The economy says we must always consume even the slightest drop in spending leads to widespread unemployment, bankruptcy, and home foreclosure.

    The planet says we consume too much: in America, we burn the earth’s resources at a rate five times faster than it can regenerate. And despite efforts to “green” our consumption—by recycling, increasing energy efficiency, or using solar power—we have yet to see a decline in global carbon emissions.

    Addressing this paradox head-on, acclaimed journalist J. B. MacKinnon asks, What would really happen if we simply stopped shopping? Is there a way to reduce our consumption to earth-saving levels without triggering economic collapse? At first this question took him around the world, seeking answers from America’s big-box stores to the hunter-gatherer cultures of Namibia to communities in Ecuador that consume at an exactly sustainable rate. Then the thought experiment came shockingly the coronavirus brought shopping to a halt, and MacKinnon’s ideas were tested in real time.

    Drawing from experts in fields ranging from climate change to economics, MacKinnon investigates how living with less would change our planet, our society, and ourselves. Along the way, he reveals just how much we stand to An investment in our physical and emotional wellness. The pleasure of caring for our possessions. Closer relationships with our natural world and one another. Imaginative and inspiring, The Day the World Stops Shopping will embolden you to envision another way.

  • dejected_warp_core@lemmy.world
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    9 days ago

    The big lifehack here is to not just buy less stuff, but to pool time and resources with your friends.

    You spend less money if you cook and play together on a regular or semi-regular basis. Restaruants, pubs, movie theaters, sporting events, all ask or require your money to capitalize on your need for socialization. Also, material goods are frequently aimed at the solitary consumer and aren’t really for sharing. Just go around all that nonsense, share/exchange your tools and appliances, host a board-game night, hang out on slack/discord for a few hours, or watch Netflix together.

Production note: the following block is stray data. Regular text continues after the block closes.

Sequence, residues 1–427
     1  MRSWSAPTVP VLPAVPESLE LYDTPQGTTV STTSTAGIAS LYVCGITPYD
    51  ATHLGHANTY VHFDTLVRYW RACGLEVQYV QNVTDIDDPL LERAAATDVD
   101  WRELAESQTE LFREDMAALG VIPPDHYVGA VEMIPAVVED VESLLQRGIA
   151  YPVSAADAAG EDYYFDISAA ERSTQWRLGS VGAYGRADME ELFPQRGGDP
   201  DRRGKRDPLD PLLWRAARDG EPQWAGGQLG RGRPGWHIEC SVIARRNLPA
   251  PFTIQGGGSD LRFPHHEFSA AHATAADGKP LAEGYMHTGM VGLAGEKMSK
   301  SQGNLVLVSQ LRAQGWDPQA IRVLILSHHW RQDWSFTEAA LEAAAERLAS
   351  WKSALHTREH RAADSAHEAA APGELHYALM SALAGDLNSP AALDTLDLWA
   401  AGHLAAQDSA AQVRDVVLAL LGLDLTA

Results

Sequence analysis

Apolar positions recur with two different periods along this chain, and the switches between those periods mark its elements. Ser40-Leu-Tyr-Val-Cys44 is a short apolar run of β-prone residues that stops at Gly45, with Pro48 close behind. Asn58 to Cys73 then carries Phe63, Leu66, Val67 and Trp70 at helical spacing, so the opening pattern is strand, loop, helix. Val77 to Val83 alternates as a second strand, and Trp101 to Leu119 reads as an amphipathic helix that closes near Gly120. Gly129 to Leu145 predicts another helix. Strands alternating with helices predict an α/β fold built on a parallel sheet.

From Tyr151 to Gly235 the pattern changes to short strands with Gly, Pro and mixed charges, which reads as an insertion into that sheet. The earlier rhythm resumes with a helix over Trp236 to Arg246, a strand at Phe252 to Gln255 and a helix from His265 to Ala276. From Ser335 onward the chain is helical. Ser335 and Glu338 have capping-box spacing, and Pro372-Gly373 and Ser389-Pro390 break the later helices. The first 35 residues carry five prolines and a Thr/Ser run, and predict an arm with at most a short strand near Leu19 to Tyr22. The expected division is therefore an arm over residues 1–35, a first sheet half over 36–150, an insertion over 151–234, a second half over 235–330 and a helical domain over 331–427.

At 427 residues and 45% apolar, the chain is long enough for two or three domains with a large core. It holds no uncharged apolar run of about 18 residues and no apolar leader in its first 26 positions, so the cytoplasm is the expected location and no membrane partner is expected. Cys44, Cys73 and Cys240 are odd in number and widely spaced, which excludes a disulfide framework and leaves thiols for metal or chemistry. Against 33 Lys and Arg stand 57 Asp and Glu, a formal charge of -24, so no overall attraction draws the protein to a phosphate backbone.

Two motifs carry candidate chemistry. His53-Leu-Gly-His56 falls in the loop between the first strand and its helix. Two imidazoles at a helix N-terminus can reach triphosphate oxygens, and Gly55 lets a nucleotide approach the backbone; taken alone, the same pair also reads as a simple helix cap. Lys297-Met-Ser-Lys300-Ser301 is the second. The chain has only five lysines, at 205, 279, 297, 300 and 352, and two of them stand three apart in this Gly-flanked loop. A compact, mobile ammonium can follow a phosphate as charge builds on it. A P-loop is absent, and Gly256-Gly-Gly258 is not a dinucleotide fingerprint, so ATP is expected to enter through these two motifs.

Edit: if the above seems out of reach, or even the least bit “bad”, I encourage you to dig deep and ask yourself: why? I get that I’m advocating a far less solitary lifestyle. Maybe that can’t be helped, but it might also just be possible that there’s more at work here. For me, I found that I had internalized biases and habits all pointing at a maximal consumption lifestyle. Our economy (here in the US) is built around this behavior, complete with an advertising arm that aggressively teaches it. So, I really am advocating swimming against the current here. But I can also say that the rewards are worth it if you can.

  • eatthecake@lemmy.world
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    8 days ago

    Lemmy is pretty anticapitalist but in my experience asking people to stop supporting the system with their spending tends to upset them. I don’t get it.

  • Flying Squid@lemmy.world
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    9 days ago

    I hope none of these “only buy what’s necessary” people have kids. Or at least think things like birthday and Christmas presents for those kids are necessary.